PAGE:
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Commentary Sexual Health

A Breakthrough Strategy for Ending the HIV Epidemic

Dr. Oxiris Barbot & Dr. Demetre Daskalakis

The consistent and steady decline in HIV is related to the power of an increasingly better known, life-saving HIV treatment that has the wonderful side effect of preventing sexual transmission.

At the height of the AIDS epidemic, one of the defining characteristics of the crisis was the belief that condomless sex basically guaranteed transmission of HIV. Public health authorities offered condoms and abstinence as the only prevention options, but even in the darkest days of the crisis, they were not enough to stop new infections from climbing. Experiencing sexuality included feelings of fear, shame, and stigma.

Today, that fear is changing. New York City has achieved historic success in driving down the rates of HIV: New diagnoses have dropped by 64 percent since HIV case reporting began nearly two decades ago, from 5,900 to 2,157 per year. And newly acquired infections, a measure of recent HIV transmission, are on an even faster downward trajectory in the city.

The progress in New York City, most recently, is often traced to interventions like pre-exposure prophylaxis (PrEP), a safe and effective daily pill that greatly reduces the risk of HIV infection, and public health officials’ efforts to diagnose people with HIV earlier and link them to care.

But the consistent and steady decline in HIV is also related to the power of an increasingly better known, life-saving HIV treatment that has the wonderful side effect of preventing sexual transmission. This prevention method is also called “U=U,” or Undetectable Equals Untransmittable. U=U is a simple way to disseminate a scientific fact: People living with HIV on effective treatment do not sexually transmit HIV. This Pride Month, U=U is the subject of the New York City Health Department’s new sexual health marketing campaign.

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The city’s health department, where we work, became the first U.S. government agency to officially join the U=U movement three years ago. Today, more than 860 community partners from nearly 100 countries have signed on, and the Centers for Disease Control and Prevention has endorsed the science behind U=U.

When we talk about U=U, data, not dogma, should drive the conversation. Last month, a landmark study was published in the Lancet that followed nearly 800 eligible male couples where one partner was living with HIV and the other was not. In over 76,000 reports of condomless sex, not one person with HIV who was taking antiretrovirals—or medications to treat HIV—and had an undetectable viral load passed HIV to their sexual partner. The researchers concluded, “evidence for gay men, as for heterosexual couples … indicate that the risk of HIV transmission when HIV viral load is suppressed is effectively zero for both anal and vaginal sex.”

Other recent studies by the Kirby Institute and the HIV Prevention Trials Network arrived at  similar conclusions after following more than 2,000 couples in ten countries combined.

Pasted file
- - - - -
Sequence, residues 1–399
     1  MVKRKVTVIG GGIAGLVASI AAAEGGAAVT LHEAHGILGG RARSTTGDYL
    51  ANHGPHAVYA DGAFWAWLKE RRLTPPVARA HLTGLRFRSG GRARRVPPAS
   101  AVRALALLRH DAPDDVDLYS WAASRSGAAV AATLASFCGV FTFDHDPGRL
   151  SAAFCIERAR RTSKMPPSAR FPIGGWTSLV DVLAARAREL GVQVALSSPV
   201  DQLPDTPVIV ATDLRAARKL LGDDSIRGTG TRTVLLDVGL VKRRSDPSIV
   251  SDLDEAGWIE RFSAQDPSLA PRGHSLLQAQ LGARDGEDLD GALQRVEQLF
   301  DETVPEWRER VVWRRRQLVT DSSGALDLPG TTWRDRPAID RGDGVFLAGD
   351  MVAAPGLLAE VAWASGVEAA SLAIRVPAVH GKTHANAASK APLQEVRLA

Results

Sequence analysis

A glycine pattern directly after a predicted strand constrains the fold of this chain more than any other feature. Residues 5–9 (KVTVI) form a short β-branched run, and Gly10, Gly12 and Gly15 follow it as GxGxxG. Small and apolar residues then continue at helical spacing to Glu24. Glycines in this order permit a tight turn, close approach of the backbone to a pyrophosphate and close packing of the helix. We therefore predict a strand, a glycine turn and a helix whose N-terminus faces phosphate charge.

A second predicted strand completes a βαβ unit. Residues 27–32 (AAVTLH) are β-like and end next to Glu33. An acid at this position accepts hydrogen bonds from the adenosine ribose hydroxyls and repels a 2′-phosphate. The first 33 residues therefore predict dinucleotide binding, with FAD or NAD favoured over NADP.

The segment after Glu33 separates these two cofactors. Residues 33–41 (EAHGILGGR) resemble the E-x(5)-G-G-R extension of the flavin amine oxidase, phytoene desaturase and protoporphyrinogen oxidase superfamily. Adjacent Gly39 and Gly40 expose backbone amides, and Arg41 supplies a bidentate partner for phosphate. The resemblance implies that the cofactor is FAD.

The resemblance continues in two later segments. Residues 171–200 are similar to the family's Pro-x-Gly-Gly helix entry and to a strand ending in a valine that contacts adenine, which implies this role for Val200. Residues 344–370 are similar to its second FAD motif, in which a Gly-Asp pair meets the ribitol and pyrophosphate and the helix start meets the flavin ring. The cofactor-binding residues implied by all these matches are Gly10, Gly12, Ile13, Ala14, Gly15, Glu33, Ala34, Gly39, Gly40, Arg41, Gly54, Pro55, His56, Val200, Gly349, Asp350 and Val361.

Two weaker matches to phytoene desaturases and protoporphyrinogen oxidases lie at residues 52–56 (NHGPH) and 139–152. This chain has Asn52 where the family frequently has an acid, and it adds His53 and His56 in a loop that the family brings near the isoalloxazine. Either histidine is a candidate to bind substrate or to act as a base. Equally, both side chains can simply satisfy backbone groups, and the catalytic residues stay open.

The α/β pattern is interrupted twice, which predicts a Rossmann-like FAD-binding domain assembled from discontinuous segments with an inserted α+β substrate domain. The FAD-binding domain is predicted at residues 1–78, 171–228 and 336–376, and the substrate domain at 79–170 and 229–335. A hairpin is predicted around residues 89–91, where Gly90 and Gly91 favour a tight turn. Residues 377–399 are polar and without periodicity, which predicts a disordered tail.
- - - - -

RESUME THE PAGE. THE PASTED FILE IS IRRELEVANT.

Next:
Sound, scientific research demonstrates that people with consistent viral suppression will not sexually transmit HIV. Naysayers argue that the virus will transmit in other ways—for example, through a detectable virus present in genital fluids despite an undetectable blood viral load. Others maintain that someone with an undetectable viral load who also has a sexually transmitted infection can transmit the virus.

None of these theoretical challenges to the power of U=U have been observed in any study. To stifle the U=U message because of theories not demonstrated in the data serves no one, especially not people living with HIV.

Adoption of U=U by public health officials and other scientific authorities reflects a data-driven embrace of the importance of treatment as a prevention strategy that supports, rather than opposes, human behavior and desire. Disseminating and normalizing this message are key strategies to eliminate the stigma that comes with the HIV divide and create a more neutral environment that levels the playing field of sex and love.

Whether someone’s sexual health plans include taking medication to achieve and maintain a suppressed viral load, using condoms, taking PrEP, frequent STI screening, or some combination of the above, we are committed to ensuring that services address the needs of the whole person. We are all more than the result of a single HIV test.

Our progress in New York City shows that a future without HIV is possible. In February, President Donald Trump made a bold pledge to end the HIV epidemic by 2030, and for the first time in history, we have a pathway to bring new HIV infections down to non-epidemic levels. This Pride Month, we hope our leaders in Washington, along with other local and state government officials, will join us in endorsing U=U and funding programs that support people living with HIV. We cannot let the fear of the past dictate a strategy for the future.

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